How do pets help children develop empathy? Read on, and you might give your child's pleas for a puppy a second thought.
1. Caretaking is a skill that can be transferred to people.
According to the American Academy of Child and Adolescent Psychiatry (AACAP), “A child who learns to care for an animal, and treat it kindly and patiently, may get invaluable training in learning to treat people the same way…Positive relationships with pets can aid in the development of trusting relationships with others. A good relationship with a pet can also help in developing non-verbal communication, compassion, and empathy.”
2. Having animals around helps children relax.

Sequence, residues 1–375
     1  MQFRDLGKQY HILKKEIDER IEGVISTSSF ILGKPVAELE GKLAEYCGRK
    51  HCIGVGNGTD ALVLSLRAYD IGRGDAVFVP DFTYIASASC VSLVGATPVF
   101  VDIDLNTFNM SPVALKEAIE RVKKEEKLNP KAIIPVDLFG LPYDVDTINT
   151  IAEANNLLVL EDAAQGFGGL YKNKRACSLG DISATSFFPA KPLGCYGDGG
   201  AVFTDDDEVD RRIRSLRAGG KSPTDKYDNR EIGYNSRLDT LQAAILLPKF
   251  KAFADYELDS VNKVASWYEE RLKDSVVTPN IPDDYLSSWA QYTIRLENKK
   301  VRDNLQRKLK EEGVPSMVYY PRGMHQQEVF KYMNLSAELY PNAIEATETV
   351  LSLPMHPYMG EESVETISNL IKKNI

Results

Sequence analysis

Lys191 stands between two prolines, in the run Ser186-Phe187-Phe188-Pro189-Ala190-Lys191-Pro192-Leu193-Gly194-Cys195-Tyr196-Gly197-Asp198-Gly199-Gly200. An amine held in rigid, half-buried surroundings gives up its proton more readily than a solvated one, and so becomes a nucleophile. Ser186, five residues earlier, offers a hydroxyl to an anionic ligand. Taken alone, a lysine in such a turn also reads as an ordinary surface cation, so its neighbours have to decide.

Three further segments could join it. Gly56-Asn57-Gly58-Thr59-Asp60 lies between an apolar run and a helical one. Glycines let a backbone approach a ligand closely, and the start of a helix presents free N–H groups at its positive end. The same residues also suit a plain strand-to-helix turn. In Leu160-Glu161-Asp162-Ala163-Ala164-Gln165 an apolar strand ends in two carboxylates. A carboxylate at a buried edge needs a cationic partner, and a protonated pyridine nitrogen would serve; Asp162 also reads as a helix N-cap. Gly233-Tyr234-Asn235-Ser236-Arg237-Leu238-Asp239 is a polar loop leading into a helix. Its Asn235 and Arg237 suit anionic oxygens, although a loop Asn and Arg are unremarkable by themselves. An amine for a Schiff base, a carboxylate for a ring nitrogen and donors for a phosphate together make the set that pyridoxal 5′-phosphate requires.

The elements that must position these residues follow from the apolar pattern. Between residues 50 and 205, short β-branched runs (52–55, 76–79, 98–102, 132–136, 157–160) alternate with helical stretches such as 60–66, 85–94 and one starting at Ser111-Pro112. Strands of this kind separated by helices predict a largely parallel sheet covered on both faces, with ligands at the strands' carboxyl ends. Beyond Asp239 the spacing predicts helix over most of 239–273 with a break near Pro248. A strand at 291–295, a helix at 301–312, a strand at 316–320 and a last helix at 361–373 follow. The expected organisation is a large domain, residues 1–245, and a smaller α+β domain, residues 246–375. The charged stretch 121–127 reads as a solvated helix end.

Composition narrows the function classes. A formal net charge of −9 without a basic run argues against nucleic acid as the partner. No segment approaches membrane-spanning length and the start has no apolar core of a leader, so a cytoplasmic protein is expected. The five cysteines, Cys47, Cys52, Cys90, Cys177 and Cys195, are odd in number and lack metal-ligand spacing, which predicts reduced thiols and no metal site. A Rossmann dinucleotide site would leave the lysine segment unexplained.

“Humane education programs aimed at promoting empathy development and pro-social behaviours in children possessing compromised levels of these constructs may be more effective if they incorporate non-human animal and interaction with them,” according to Promotion of Empathy and Prosocial Behaviour in Children throughHumane Education by Kelly L. Thompson and Eleonora Gullone (http://thebegavalley.org.au/uploads/media/prosocial_behaviour.pdf ) “Such attraction to other sentient beings is likely to increase the efficacy of intervention efforts since children are more likely to be attentive and to have increased motivation levels if animals are involved.”
3. Pets help children learn to share their feelings.
According to AACAP, children feel they can tell their secrets to their pets, much as they do stuffed animals, and this helps them feel listened to, and to practice sharing private stories with other people.
contributions from Frankie Thomas and Ilya Tsinis